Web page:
WISE Program Prepares Seniors for College

By Herna Alexandre ‘16

While trying to find their way in the world, seniors partake in the Woodland Individual Senior Experience program. The WISE program is a yearlong program, which provides seniors with skills and knowledge that can better help them when they progress into college.

WISE allows the seniors involved to find themselves by giving them the opportunity to explore their passions outside of the traditional classroom setting.

“I think that the students who are in the program get to discover new interests and abilities,” said Ms. Laura Gavenda, one of the two WISE coordinators. “For many it will be the first time they have to make a lengthy presentation, for others the fact that these projects don’t have any guidelines allows the students to go out of their own box.”

According to wireservices.org the WISE program was founded in 1972 at Woodlands High School in Greenburgh, New York by a group of students, teachers, parents and community members to better help the graduating high school senior’s transition into life after high school.

Since then, the WISE program has spread from Woodlands High School to over a 100 different public and private high schools nationwide.

WISE was introduced to the school over a decade ago and is now being run by the Social Studies Department along with Ms. Laura Gavenda and Ms. Rosemary Gamba, the two WISE coordinators.

The WISE program consists of LACE, which is four elements that each WISE program follows. LACE stands for Local control, All seniors eligible for graduation can participate, Credit bearing, and Exchange of information and ideas.

WISE is a two-semester program. The first semester of WISE takes places in a classroom environment which is focused on an in depth version of U.S. Government and Economics.

In the second semester of WISE, the classes usually meet in room 245 for the entire first week of the semester and then for the rest of the semester the students meet with the coordinators and their chosen mentor at least once during the week up until presentations begin.

“Once presentations begin we meet every day until the end of the semester,” said Ms. Gamba. “However, in their absence from class they are responsible for their journal writing, mentor meetings, committee responsibilities so even though technically they›re not in the classroom they are still working.”

There are currently two senior classes of 34 students involved in the WISE program. Each senior has the opportunity to pick any topic of interest to work on for the year, and they also have a choice in picking their mentors.

“In most cases students can choose a mentor from anywhere within the building and it can be anyone,” said Ms. Gamba, “mentors do not have to be teachers only and students pick based on comfort level not on prior knowledge.”

The student chosen mentors are there to guide and help the students when necessary, but are not allowed to do anything beyond that.

“The mentor can be constructive and lend a second pair of eyes to the work,” said Ms. Gamba. “However, they are strictly prohibited from swaying students in regards to their chosen project.”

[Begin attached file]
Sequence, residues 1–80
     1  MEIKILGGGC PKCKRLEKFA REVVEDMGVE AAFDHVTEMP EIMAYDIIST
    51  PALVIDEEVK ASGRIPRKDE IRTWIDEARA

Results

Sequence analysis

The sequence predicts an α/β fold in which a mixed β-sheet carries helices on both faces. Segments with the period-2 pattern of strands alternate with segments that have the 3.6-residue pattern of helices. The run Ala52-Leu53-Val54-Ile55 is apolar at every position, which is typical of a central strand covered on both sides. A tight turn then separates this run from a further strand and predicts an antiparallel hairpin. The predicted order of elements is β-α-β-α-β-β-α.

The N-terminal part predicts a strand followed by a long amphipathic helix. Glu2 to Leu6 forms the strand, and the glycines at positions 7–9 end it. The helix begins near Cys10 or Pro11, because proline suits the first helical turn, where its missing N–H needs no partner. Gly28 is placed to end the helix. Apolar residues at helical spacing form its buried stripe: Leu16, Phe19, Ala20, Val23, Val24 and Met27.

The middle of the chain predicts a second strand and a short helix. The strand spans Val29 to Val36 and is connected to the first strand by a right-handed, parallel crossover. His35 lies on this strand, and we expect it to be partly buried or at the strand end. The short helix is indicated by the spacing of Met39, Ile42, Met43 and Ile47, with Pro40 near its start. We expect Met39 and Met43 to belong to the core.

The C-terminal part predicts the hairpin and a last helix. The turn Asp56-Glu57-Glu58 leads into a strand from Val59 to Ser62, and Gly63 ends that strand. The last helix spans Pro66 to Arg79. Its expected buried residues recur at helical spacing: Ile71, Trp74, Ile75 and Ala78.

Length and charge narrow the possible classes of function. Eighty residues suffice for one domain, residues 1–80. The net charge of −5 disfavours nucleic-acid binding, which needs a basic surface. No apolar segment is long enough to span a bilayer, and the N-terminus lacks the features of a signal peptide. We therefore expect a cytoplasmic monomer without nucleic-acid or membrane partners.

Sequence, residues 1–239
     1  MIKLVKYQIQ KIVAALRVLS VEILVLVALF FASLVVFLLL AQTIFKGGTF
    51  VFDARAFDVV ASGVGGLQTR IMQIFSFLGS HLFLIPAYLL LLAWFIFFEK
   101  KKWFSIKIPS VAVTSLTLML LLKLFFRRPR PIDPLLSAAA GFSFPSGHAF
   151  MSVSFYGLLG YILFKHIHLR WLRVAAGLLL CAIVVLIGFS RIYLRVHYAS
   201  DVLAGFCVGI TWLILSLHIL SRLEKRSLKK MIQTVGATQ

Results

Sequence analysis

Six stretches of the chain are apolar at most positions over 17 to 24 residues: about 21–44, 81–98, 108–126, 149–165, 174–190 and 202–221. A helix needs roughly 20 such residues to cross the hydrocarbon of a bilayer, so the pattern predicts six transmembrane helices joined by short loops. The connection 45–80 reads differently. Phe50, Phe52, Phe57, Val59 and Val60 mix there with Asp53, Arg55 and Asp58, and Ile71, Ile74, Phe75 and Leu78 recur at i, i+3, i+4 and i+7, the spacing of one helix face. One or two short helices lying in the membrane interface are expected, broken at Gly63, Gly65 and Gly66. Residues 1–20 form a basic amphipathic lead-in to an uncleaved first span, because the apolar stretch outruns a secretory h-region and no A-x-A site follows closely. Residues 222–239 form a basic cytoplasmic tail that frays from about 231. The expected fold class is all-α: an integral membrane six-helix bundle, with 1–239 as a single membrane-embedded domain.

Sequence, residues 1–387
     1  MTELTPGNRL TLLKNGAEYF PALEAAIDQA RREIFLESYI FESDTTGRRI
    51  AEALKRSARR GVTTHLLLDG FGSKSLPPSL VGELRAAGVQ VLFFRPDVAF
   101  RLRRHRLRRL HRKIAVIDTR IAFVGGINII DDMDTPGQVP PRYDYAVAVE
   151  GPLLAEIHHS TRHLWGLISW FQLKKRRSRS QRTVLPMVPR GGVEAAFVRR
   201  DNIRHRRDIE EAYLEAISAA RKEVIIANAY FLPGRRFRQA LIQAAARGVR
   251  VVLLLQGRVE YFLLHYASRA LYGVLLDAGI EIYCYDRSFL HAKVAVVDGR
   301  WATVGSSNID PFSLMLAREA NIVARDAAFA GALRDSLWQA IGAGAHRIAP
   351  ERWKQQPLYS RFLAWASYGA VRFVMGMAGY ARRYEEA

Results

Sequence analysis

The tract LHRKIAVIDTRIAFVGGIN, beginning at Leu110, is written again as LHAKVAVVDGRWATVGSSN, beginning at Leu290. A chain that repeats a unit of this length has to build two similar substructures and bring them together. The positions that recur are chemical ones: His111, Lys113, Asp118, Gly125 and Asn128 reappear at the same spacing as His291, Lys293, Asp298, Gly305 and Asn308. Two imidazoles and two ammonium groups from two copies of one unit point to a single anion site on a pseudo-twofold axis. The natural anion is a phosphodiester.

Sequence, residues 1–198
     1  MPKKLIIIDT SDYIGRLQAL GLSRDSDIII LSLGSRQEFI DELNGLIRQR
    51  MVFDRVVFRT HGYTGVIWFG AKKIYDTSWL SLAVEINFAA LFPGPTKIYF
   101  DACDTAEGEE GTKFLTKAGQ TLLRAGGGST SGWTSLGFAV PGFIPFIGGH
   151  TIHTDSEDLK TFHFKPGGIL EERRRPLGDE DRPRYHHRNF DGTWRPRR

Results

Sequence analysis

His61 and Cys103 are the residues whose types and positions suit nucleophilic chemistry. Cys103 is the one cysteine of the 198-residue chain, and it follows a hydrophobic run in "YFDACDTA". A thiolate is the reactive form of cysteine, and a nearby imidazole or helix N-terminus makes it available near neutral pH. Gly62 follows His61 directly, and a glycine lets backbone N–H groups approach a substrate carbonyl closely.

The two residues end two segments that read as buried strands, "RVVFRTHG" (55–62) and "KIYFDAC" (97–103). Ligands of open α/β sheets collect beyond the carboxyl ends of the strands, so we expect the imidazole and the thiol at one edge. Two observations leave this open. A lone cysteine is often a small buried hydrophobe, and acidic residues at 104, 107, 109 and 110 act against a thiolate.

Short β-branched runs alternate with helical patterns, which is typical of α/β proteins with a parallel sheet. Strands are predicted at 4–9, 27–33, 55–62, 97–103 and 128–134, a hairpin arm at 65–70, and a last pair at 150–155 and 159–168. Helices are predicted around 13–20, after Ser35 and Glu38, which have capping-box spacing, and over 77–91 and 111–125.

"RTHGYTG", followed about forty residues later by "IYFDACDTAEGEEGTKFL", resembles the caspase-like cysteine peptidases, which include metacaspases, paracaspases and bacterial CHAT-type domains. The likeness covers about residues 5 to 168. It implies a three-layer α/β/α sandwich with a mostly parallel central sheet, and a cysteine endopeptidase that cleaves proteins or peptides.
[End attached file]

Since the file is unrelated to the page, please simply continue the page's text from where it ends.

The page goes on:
Students have complete creative control over their topic choice. It can range from something they have always been interested in to something they plan to do in the future.

“I feel…………..a bit ambivalent to having creative control over the topic choice because, from one end it gives you the opportunity to research whatever interests you,” said Monica Riskevich ‘15, “but from the other end it also opens up the doors for you to go in the wrong direction.”

Ms. Gavenda said, “Students can research a topic and present in any format. Creativity is an asset in the WISE program, and it’s something that we encourage.”

Learning ASL (American Sign Language), animal cruelty, bioengineering, fashion, hair, music (hip hop, jazz), Cambodian history and culture, tattoos, and prosthetics were some of the past topics that were chosen by students.

Once a topic is chosen, the students start to work on it and keep track of their progress by writing in journals, which are frequently updated, until the final presentation of their topic.

“Keeping a journal of their progress is how the students justify the English credit they earn for the second semester,” said Ms. Gavenda.

Students benefit from the WISE program by discovering many skills, strengths, and talents that they didn’t realize they had before.

“I’m benefiting from WISE because, rather than sticking random facts into my head, I›m learning something that I genuinely want to research,” said Monica Riskevich ’15

They also learn to work with others as well as work independently to develop organizational, research, writing, and presentation skills. WISE provides them with real-world skills that will help them to succeed in college and in life.

“It gives them the initial college experience as well as allows them to discover things about themselves or about the world they live in overall,” said Ms. Gamba. “It’s an eye opener as a student once said to me. WISE also makes them realize that sometimes what they perceive about certain people, places, or things isn’t always actually the case.”

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